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I started looking into games for learning (Random) items this year. The results are really impressive. But there is something about the control a coach has with block training that is enticing.

Kirby Schepp is great
https://www.youtube.com/watch?v=pqPtzwZ9zG4

Any of the Mike McCall stuff is great. He made a statement that Canadian Basketball wants to remove as many 1-0 and 2-0 drills from their program as possible.


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PostPosted: 20 May 2015, 10:24 
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Not sure if you saw this but I took notes and diagrammed most of the Kirby Schepp and Mike Maccay video notes.
http://jeffhaefner.com/coach/a-games-approach-to-teaching-basketball-skills-video-drills/
http://jeffhaefner.com/coach/heres-an-excellent-video-game-based-skill-drills/

Just thought I'd share in case it helps to have in that format instead of one long video.

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PostPosted: 20 May 2015, 10:32 

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I did not see your notes. Excellent stuff! Thanks!


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PostPosted: 20 May 2015, 15:47 

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I've always used form shooting at the start of my practices as kids are coming into the gym, as part of their pre-practice routine. They have a routine for form shooting that eventually graduates to full speed shooting. I use it to build the technical aspects of their shot. Now that I saw some stuff about the one-motion shooting that breakthrough posted on Facebook, I may end up adjusting that technique a little, but I still like keeping that as part of my start of practice routine, and then I incorporate game speed shooting drills later in practice.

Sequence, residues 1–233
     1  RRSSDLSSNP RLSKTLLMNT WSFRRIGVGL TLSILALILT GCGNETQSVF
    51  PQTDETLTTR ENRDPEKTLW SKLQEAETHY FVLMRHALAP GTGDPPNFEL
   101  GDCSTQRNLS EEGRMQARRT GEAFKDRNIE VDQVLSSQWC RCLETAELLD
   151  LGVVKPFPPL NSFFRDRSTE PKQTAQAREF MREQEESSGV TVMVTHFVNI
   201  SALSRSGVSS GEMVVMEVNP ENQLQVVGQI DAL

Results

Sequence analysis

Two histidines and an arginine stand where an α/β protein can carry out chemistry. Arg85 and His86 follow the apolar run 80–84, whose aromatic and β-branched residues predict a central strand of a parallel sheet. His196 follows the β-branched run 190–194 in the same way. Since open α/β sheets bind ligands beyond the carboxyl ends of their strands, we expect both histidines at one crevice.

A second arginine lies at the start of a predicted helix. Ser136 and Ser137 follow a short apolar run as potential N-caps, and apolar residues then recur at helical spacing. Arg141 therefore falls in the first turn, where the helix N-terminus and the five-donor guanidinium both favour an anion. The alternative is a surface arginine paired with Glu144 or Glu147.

Just some thoughts.

Brian Sass


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PostPosted: 21 May 2015, 15:34 

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Many coaches use form shooting (I do) but does it *really* work? Has anyone tried eliminating it and checked to see if the results were different?

Just a thought. Thanks.


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PostPosted: 21 May 2015, 15:35 

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I know my bad shooters got a lot better when I had them start using the routine at the start of practice, so I'll go off that data as opposed to the inverse.


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PostPosted: 22 May 2015, 14:14 
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Location: Winter Garden, FL (Orlando suburb)
I have eliminated form shooting before. However, I have gone back to it.

Our progression is

1. One Hand Form Shooting
2. Set Position Shooting - Ball in front of the shoulder - just like shooting a free throw. Working on coordinating the timing of extending the legs as the ball passes the set position.
3. Tuck To Set Shooting - This is pretty much catch and shoot.

Here are some notes on some the Tuck and Set positions:

https://www.breakthroughbasketball.com/fundamentals/shooting-secret-stephen-curry.html